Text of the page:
The most obvious path to becoming a specialist is, as you may have guessed, is to follow your natural inclinations. It will help you to choose among many different options and to put in the hours you need to become a specialist.
The other way, and probably the one which most people will follow, is to start as a generalist and then follow the demand. For example, if you start out as a digital marketing manager in a big corporation, you may find out that your competitors, and big corporations in general, have a burning need for marketing automation. Thus, you can specialize in marketing automation and after only a few years become a highly sought-after expert in the field.
Or you can start in a more general position (such as a sales manager) in some industry and then become an expert for that industry, for example, a sales expert for construction material.
How to Find Jobs as a Specialist
The job search for specialists can start on job boards or on LinkedIn. In both cases, it’s important to first determine what jobs you are going after. Are you following your interests or the demands of the market which industry you’re getting into?
When you decide on that, you can apply for open positions, or you can just reach out to people who might be interested in the skills and experience you can offer.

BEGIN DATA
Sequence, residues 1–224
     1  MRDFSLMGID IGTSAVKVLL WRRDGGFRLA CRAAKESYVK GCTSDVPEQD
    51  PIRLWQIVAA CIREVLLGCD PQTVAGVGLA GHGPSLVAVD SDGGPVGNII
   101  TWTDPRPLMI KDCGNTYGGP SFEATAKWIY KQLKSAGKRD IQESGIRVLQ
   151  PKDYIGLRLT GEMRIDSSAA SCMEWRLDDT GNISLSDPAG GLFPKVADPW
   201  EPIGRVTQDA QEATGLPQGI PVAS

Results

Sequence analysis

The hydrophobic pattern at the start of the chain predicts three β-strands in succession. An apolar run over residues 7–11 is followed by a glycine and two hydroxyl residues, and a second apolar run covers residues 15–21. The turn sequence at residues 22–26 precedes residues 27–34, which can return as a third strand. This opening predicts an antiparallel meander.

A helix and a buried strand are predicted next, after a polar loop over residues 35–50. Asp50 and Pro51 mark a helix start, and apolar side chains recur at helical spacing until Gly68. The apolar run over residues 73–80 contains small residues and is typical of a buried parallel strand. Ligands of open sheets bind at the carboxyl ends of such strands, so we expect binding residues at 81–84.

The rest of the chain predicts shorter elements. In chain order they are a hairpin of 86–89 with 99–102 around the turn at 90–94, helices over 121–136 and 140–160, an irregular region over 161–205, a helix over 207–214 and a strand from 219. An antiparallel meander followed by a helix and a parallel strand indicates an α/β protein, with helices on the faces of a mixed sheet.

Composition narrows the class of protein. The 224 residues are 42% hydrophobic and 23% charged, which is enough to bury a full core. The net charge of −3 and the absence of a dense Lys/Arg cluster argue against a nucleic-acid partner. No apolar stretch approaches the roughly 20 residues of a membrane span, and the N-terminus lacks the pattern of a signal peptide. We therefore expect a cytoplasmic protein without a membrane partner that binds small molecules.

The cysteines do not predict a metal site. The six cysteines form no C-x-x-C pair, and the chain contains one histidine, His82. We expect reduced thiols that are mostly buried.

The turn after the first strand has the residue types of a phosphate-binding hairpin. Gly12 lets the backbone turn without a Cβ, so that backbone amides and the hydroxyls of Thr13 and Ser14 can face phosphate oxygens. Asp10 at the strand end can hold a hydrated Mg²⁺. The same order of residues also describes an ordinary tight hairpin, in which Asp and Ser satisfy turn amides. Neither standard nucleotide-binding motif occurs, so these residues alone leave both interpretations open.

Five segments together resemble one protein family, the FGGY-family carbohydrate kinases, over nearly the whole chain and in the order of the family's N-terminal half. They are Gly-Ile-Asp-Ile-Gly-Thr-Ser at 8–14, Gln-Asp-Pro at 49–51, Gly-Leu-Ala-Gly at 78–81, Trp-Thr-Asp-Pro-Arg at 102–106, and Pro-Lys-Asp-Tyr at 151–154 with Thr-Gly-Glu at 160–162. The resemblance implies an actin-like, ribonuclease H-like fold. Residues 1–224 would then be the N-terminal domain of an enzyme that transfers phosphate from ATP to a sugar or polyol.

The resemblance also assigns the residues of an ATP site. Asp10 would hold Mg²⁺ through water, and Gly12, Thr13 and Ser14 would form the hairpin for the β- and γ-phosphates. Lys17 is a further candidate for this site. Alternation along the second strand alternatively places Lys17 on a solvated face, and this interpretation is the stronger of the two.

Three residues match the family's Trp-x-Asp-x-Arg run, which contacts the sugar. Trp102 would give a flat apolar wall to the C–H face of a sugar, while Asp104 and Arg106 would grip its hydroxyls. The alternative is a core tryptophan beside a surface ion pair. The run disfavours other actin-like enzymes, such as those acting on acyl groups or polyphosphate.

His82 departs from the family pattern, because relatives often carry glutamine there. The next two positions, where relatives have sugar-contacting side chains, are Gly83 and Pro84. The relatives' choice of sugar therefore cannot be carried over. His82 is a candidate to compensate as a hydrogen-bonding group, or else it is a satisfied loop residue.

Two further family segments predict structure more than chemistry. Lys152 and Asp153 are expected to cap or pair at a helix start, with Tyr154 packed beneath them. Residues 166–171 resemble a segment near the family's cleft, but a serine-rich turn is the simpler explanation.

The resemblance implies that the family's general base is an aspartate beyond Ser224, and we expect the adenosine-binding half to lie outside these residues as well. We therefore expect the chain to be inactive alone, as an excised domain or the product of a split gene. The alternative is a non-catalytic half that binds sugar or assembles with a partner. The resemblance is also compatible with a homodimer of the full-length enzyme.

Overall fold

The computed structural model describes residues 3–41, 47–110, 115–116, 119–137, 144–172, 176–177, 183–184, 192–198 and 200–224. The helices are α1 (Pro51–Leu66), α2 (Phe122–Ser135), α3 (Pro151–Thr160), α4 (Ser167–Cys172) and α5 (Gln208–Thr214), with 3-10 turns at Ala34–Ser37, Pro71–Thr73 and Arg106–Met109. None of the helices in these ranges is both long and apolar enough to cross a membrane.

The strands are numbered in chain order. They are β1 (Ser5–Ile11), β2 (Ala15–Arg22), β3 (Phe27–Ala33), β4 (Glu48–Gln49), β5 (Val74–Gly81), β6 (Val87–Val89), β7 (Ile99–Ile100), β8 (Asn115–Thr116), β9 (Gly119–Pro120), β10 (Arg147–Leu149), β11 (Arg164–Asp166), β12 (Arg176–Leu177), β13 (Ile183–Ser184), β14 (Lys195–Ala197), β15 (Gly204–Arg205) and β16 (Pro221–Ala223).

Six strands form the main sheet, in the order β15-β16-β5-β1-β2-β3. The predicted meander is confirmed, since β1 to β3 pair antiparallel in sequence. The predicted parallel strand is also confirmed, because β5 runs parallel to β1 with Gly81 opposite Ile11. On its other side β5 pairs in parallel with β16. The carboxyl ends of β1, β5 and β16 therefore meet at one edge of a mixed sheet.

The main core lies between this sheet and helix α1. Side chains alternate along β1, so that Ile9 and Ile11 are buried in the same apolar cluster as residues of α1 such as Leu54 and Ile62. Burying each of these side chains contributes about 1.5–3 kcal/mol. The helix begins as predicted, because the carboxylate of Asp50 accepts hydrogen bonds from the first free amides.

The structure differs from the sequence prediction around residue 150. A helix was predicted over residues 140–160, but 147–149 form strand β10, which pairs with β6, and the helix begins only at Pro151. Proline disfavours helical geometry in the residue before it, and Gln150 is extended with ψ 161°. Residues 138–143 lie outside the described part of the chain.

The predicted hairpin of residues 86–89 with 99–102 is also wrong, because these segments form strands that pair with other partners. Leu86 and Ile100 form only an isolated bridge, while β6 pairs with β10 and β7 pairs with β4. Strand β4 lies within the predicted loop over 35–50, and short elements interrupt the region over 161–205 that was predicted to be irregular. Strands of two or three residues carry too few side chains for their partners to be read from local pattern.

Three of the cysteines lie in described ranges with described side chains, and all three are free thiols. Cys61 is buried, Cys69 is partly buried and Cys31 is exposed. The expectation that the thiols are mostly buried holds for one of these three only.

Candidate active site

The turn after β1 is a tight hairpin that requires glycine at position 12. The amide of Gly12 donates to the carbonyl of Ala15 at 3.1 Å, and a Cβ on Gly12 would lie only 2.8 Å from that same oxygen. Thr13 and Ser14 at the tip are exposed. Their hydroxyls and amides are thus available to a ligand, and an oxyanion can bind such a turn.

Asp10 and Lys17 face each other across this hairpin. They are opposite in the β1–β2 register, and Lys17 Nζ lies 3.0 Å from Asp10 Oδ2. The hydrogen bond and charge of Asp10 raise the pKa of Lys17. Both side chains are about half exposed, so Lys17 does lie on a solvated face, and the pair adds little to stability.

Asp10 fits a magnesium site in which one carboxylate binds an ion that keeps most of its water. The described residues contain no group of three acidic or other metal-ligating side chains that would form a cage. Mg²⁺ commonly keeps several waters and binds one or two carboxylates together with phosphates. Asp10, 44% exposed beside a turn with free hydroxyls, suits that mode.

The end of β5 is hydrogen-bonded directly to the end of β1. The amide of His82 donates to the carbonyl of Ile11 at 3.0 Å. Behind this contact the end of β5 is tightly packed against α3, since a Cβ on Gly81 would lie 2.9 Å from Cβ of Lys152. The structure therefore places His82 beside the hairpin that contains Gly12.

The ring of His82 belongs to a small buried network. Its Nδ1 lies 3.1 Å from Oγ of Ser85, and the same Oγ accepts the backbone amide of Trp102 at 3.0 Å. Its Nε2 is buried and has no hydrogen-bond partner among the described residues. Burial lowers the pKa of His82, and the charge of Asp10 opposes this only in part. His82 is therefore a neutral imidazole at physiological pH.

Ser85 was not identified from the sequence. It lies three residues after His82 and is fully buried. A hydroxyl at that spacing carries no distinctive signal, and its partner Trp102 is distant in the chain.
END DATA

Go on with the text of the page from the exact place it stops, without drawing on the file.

And here’s the catch: since you’re a specialist and you know very well what your strengths are and/or what’s in demand right now, you don’t have to apply for open positions only. You can reach out to decision-makers in companies you want to work for, introduce yourself and get so many job offers that it can be hard to choose the right one.
The process you need to follow is simple.
- Do a Google search and paste the website URL of every company you’d like to work for in a spreadsheet
- Go to every website in the spreadsheet and use one of those extensions to find an email address of the decision-maker (CEO, HR, or VP of your department)
- Alternatively, you can use LinkedIn to find prospects
- Write your resume or LinkedIn profile with one goal in mind: to present your special skills to those who might need them
- Send your resume to the email addresses you’ve collected in step 3, or send connection requests on LinkedIn
If you know what your specialty is and who might benefit from it, this simple process should yield great results. You should be able to get many interviews and possibly a few job offers.
And when you have some job offers on the table, you don’t have to be a master deal-maker to negotiate a lucrative deal for yourself. That’s the whole point of being a specialist: to be proactive about your career and to position yourself on the job market as a candidate with unique abilities that many employers would happily pay for.
Specialization (the division of labor) has a long tradition in our society and a great track record of cutting costs and increasing productivity. Employers know the benefits of hiring a specialist. Therefore, your task as a job seeker is to find out which specialty you want to pursue, then to develop it, and finally to present it to those who might find it valuable and are willing to pay for it.
Frank Evans is a freelance writer interested in digital marketing, HR and business development. When he’s not writing, you can find him on a long walk with his dog or on camping with his girlfriend.